To keep our cyclists safe, it may be time to adopt the approach of many European nations by introducing legislation that, in civil cases, presumes that car drivers caused a collision unless there is evidence to the contrary.
Shifting the burden of proof to drivers – who must prove they didn’t cause a crash – has been highly successful in other nations, along with other measures, in keeping cyclists safer and reducing accidents.
Cars generally cause collisions
These results are similar to a Monash University study in which researchers examined camera footage of similar incidents. They found that drivers were responsible for the actions preceding the incident in 87% of cases.
[B' Spokes: My favorite points. If the goal is to prevent the most head injuries then car drivers need to wear a helmet. And if cyclists should wear a helmet then pedestrians even more so. Complete with a chart.]
Licensed transportation engineers are supposed to abide by an ethical code of conduct that places the highest priority on public safety. But if you look outside at the closest street, you’ll probably see the result of engineering decisions that are antithetical to protecting people’s lives.
America has built out a transportation system that places people at much greater risk of death and serious injury than in peer countries around the world. In the last two years, the annual death toll has only escalated. The most vulnerable road users — people getting around without a car — account for a disproportionate share of the carnage.
We built a car culture, we built this myth that all the highways are paid by the users and we can’t use that money for anything else. The Highway Trust Fund — that’s a problem. I think in the 1950s when we didn’t have a highway system, I could see the logic. But it’s not the 1950s any more and we still have 1950s arguments and strategies.
We’re one of the only countries that has dedicated highway spending. In other countries, it’s just general funds, and you have public conversations about how that money is spent.
What I hear over and over [from other engineers] is we have no money to fix this. We don’t have money to maintain traffic signals, we don’t have money to build sidewalks. It’s a ridiculous statement on its face because we have billions of dollars but we just don’t spend it on those things.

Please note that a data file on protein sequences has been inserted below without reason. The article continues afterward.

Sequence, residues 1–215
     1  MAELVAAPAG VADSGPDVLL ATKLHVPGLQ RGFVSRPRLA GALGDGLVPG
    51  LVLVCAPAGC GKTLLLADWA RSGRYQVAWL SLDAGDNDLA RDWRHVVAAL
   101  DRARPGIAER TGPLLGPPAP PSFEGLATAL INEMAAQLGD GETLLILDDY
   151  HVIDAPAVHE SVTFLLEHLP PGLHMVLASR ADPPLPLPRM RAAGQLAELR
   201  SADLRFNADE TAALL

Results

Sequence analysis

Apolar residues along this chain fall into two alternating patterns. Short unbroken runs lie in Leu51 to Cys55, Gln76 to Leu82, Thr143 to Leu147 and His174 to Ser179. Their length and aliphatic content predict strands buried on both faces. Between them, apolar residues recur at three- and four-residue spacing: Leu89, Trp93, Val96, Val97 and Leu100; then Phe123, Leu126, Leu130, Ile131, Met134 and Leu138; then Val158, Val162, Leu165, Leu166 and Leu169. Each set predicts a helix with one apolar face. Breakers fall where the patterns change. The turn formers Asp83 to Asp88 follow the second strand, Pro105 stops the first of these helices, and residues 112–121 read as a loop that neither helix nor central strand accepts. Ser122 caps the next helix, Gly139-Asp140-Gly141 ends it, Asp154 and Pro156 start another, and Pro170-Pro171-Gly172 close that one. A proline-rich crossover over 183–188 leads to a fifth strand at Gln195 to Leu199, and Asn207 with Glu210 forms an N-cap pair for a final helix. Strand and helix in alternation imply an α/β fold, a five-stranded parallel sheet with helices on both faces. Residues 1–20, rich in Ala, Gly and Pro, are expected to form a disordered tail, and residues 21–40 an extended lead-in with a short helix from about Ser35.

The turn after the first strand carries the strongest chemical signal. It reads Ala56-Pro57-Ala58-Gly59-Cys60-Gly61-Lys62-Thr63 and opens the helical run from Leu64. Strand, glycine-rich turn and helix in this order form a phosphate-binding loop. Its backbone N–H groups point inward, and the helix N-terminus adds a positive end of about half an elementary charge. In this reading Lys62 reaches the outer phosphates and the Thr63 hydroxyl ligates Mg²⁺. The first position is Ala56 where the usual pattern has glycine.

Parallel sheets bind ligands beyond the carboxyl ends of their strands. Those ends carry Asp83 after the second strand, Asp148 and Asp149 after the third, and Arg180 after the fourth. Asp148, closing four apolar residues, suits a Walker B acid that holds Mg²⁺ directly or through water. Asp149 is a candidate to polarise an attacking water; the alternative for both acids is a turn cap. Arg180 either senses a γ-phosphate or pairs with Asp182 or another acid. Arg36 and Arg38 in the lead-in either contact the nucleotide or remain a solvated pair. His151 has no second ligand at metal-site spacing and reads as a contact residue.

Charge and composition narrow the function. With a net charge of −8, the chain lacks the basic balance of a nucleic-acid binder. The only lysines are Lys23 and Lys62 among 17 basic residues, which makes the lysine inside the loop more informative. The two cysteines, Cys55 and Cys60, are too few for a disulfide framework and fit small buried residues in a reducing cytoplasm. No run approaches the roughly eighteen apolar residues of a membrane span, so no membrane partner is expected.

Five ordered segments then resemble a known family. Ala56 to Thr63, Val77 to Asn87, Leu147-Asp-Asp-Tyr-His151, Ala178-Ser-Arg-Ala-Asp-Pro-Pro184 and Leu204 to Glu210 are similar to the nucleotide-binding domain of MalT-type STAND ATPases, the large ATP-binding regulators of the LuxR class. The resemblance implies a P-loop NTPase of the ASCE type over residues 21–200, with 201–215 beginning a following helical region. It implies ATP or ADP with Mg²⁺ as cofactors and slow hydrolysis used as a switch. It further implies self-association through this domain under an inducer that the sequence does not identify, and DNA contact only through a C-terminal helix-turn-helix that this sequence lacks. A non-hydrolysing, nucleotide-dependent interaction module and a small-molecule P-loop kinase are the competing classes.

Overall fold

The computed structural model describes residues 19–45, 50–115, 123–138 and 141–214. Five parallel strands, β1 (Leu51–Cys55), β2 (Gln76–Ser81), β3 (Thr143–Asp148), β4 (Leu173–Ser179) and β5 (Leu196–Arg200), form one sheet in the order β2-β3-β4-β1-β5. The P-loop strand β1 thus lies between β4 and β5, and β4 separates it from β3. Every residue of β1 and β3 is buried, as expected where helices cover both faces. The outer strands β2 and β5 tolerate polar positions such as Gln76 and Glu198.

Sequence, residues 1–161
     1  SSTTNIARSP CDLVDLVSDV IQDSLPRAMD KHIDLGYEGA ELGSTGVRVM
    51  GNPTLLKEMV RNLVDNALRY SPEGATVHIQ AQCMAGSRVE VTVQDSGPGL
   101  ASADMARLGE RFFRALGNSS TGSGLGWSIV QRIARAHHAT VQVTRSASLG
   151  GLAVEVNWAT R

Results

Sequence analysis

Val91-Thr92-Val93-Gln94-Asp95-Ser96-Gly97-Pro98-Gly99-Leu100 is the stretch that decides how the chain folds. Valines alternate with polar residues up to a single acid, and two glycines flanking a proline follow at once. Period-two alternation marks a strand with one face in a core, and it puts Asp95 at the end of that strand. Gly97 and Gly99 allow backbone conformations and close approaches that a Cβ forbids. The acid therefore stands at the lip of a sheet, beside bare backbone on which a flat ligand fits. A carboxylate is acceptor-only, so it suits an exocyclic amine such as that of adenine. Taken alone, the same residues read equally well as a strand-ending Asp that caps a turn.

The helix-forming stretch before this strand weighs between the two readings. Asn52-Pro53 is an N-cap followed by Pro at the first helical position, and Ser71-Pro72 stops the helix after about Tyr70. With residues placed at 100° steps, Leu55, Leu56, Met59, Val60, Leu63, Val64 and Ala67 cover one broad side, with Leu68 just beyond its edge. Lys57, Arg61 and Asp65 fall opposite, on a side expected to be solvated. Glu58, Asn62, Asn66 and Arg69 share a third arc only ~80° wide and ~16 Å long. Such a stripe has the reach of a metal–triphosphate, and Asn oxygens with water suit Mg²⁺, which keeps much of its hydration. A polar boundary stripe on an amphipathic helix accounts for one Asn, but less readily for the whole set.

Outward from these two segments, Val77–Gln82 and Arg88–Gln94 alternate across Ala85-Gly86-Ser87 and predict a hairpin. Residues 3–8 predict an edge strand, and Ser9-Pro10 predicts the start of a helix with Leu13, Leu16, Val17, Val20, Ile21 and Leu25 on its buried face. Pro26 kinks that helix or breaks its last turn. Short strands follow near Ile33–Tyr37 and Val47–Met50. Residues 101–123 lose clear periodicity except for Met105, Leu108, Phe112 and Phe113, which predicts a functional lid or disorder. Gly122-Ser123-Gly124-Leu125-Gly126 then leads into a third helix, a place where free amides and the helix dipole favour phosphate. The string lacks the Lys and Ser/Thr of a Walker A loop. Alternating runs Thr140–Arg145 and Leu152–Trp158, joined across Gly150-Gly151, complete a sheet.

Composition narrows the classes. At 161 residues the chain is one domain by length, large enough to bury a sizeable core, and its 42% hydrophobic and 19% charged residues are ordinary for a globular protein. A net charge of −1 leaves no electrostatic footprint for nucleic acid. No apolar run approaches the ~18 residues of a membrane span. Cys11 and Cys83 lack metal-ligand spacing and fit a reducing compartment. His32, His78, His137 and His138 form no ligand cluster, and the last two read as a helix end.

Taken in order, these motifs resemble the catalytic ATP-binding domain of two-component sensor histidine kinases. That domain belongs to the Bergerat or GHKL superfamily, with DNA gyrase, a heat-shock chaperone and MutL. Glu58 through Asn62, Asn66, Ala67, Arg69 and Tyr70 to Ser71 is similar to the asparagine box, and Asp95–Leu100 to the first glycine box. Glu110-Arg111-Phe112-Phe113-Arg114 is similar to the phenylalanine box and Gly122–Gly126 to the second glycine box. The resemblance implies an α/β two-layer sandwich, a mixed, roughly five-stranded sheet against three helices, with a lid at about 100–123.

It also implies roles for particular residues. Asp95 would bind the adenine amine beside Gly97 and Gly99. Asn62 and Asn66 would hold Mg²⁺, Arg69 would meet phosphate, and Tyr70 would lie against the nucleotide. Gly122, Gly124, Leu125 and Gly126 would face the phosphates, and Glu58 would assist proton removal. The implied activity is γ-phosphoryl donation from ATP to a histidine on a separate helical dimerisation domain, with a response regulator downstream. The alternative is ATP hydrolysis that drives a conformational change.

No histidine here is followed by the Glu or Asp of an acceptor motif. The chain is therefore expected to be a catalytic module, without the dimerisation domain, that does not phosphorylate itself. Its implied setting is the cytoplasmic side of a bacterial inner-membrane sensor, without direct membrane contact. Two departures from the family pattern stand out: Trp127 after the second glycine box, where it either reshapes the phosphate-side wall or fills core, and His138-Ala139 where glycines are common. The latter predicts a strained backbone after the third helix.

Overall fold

[B' Spokes: I'll note we do NOT have a system for getting cheap or economical things built, our system is only for the most expensive of the expensive.]
After I arrived at my destination and the adrenaline cooled, a thought I’ve had for the last few months, came bubbling up to the top:
The vast difference in driver education and biking/pedestrian education is what causes this rift between modes.
And the sad reality of it all is that you’re not likely to care about another mode (especially if you don’t use it yourself), until someone you know is injured or worse.
So What Can We Do?
A lot of things, actually.
1. Equal Education
2. Change Safety Messaging
[B' Spokes: MD's Street Smart ad campaign is an example of what NOT to do.]
3. On-Demand Education for On-Demand Services
[B' Spokes: Profesional drivers (for Uber to name one) need more professional training than your run of the mill driver who does limited routes for a limited time.]
For cars, it seems the media has been pushing "it was just an accident" over "it was a crash and somebody did something wrong." No teachable moment for drivers, ever. And it seems they launched the next phase "the driver of the car seems to be little more than a witness" with the implied the driver is not at fault for the outcome. Read the article on Treehugger:
Traffic safety, it would seem, is in the eye of the beholder.
Alberta rolled out a new traffic safety campaign this month, featuring a pair of eyes above the tagline “The most advanced technology in pedestrian safety: It’s safer to walk when eyes lock.”
But Kyle Mathewson, a vision scientist and assistant professor of psychology at the University of Alberta, took to Twitter to criticize the new advertising this week, arguing it's not only ineffective but also blames the pedestrian for collisions.
[B' Spokes: This story is important for two reasons, it is becoming increasingly obvious that those "professionals" in the safety field are just making things up, with no basis for their claims. Next, making eye contact is just says "I'll do the right thing" for the driver that means the ped will yield and for the ped it means the driver will yield. Obviously, that's not going to work, without a reaffirmation that it is the duty for drivers to stop for pedestrians the car-centric media will continue to victim blame pedestrians like somehow it makes more sense that pedestrians should jump out of the way of speeding cars than two tons of machine act with some courtesy on our public streets.]